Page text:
A state control has detected "major infectious deficiencies" at the University Hospital in Newark after the death of an early…
A state control has detected “major infectious deficiencies” at the University Hospital in Newark after the death of an early child, the State Department of Health said Thursday.
The state said the inspection of the hospital revealed problems with “hand hygiene, personal protective equipment and cleanliness” and that it has created a “targeted correction plan” for New Jersey’s only public hospital, following a study that showed that the Ministry of Health’s recommended practices did not had been carried out. “
The premature baby found in the hospital’s Neonatal Intensive Care Unit agreed to the Acinetobacter baumannii bacteria and was transferred to another anonymous airport where the child died in late September, “before the department’s notification of problems in NICU, “the department said.
“Because of the other compound medical conditions, the exact cause of death is still investigated,” states the state.
Acinetobacter baumannii bacterial infections usually occur in intensive care and healthcare facilities that accommodate very ill patients, according to CDC. Bacteria are usually found in soil or water and can cause pneumonia or severe blood or wound infections.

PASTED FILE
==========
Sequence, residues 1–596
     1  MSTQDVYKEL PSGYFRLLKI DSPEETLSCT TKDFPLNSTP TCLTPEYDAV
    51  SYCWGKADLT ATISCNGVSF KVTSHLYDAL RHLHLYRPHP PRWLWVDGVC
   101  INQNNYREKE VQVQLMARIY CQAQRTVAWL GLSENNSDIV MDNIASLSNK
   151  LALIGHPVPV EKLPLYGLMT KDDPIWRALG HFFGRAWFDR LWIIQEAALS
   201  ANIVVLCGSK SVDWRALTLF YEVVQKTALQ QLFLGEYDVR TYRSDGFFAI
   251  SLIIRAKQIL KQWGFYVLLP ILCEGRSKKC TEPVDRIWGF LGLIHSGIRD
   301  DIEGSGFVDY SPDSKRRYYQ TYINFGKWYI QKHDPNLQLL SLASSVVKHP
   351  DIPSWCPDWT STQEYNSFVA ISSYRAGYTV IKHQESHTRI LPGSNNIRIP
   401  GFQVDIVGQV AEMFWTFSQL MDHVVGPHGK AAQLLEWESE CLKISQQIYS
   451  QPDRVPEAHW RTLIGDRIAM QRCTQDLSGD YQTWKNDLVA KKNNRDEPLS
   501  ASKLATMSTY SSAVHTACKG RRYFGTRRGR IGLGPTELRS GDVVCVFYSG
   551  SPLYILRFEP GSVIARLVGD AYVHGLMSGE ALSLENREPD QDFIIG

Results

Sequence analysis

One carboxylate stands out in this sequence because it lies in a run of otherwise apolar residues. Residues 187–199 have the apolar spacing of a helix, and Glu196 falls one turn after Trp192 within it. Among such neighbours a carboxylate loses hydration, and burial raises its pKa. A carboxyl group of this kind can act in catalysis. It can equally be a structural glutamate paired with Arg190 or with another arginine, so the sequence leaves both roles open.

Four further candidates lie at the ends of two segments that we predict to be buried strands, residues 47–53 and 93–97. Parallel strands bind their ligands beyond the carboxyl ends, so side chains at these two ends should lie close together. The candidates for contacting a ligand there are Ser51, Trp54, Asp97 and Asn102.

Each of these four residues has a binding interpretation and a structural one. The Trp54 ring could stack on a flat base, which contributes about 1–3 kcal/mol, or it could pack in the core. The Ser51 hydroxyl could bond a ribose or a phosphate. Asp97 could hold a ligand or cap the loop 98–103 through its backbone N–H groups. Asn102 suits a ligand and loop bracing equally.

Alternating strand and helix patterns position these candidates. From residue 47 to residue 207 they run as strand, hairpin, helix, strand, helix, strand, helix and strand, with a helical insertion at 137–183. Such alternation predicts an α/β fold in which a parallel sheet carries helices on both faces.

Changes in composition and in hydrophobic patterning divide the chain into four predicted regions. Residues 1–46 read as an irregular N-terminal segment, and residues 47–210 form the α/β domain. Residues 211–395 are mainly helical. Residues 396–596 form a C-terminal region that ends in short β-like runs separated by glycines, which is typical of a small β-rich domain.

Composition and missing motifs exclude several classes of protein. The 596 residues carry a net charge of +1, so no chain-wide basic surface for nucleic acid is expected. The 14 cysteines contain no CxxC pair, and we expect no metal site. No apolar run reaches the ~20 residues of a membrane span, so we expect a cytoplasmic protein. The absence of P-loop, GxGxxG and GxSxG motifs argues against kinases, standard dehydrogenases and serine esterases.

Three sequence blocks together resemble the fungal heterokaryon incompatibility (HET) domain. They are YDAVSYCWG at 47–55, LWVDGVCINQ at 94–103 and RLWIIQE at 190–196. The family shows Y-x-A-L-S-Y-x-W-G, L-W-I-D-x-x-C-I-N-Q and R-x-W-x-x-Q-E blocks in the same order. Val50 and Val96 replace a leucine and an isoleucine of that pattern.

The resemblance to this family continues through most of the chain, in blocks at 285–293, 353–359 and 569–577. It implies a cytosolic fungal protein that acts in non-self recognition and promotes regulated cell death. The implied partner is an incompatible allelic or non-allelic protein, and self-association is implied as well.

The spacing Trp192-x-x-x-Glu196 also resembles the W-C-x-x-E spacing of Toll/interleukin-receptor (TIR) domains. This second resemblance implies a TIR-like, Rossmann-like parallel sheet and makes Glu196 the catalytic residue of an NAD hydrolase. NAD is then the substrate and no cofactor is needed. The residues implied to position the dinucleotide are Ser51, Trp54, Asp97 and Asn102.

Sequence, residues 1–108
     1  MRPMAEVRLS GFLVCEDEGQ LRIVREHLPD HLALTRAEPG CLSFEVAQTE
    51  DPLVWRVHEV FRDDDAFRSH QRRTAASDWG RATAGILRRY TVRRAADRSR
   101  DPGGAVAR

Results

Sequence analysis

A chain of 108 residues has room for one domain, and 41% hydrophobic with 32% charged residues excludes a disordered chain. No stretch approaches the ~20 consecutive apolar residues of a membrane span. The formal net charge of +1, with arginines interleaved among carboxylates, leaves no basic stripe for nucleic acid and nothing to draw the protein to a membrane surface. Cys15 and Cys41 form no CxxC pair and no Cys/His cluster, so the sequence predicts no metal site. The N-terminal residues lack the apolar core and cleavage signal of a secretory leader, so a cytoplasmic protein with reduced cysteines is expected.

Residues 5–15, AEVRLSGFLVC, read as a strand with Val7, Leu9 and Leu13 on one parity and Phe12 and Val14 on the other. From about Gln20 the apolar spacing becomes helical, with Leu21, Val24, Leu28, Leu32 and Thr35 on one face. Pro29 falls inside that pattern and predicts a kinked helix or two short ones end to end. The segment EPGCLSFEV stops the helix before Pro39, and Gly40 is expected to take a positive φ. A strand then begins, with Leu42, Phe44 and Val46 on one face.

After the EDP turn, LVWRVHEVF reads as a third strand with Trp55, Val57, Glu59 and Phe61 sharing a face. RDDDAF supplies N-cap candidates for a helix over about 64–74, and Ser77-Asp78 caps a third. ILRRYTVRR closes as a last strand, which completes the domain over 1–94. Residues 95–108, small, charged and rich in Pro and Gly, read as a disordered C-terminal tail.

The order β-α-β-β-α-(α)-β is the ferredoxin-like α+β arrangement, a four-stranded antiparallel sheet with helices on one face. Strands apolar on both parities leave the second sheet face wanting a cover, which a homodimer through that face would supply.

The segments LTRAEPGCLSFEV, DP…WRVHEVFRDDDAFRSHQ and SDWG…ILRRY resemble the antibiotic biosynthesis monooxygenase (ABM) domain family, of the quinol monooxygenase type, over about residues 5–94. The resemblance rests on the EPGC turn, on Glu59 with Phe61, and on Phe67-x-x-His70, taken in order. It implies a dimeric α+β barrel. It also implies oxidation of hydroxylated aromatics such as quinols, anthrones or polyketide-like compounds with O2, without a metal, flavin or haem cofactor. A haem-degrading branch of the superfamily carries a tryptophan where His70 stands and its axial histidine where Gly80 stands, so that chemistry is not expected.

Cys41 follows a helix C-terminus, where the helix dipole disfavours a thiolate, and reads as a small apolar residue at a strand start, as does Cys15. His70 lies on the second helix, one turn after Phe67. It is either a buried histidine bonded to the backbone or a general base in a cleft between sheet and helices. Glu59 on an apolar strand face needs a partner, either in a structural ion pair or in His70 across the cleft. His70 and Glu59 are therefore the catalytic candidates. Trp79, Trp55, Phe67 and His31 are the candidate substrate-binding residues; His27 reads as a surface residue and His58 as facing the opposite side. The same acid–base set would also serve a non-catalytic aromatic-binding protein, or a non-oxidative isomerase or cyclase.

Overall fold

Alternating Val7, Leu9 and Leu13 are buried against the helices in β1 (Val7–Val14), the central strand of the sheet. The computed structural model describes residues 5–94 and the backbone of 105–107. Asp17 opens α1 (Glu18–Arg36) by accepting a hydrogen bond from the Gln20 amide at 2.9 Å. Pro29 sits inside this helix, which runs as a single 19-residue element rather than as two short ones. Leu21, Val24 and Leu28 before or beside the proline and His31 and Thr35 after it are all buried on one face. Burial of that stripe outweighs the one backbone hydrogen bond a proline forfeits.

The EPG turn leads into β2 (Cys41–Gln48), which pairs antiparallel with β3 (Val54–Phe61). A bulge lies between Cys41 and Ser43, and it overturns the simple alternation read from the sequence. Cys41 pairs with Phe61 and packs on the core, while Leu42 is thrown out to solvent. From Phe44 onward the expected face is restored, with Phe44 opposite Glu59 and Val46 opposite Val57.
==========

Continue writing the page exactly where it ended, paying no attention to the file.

There were four cases of Acinetobacter baumannii in the hospital’s neonatal intensive care (NICU) and the department said it first became aware of the bacterial infection on October 1
“The plan calls on the hospital to hire a full-time consultant for certified infection control, which will report to the immediate action department taken in the next few days,” said the department. “The department is also exploring further actions that may need to take in the next few days to ensure patient safety. “
The hospital said it would work with the health department to address the problems.
” The University Hospital takes patient safety, including infection control, very seriously, “said the hospital in a statement.” We have been in regular communication with the Ministry of Health and continue to work close to them to resolve the problem as quickly as possible. “
The University Hospital was already under the supervision of the Ministry of Health following an executive order issued by Gov. Phil Murphy in July after it got a weak class in April’s Leapfrog Safety Report Card.  In addition to Wanaque, @NJDeptofHealth several cases of Acinetobacter are examined in the neonatal ICU at @ UnivHospNewark
4 cases, 1 death after transfer to another hospital.
We take this very seriously and have addressed corrective action. More: https://t.co/f30bV6NdnE
– Shereef Elnahal, MD (@SherefElnahal) October 25, 2018
Based on data from 2016 and 2017, the University Hospital rated below average to prevent four out of five common infections and below average to prevent six out of seven surgical complications.
Murphy’s administration also claimed that the hospital had illegally started winding up some pediatric services and transferring the beds to the Newark Beth Israel Medical Center before the state had granted permission to do so.
The discovery of the bacteria at the University Hospital comes only days after a fatal virus outbreak at the Wanaque Center for Nursing and Rehabilitation in Haskell who has claimed the life of seven children and infected at least 12 others.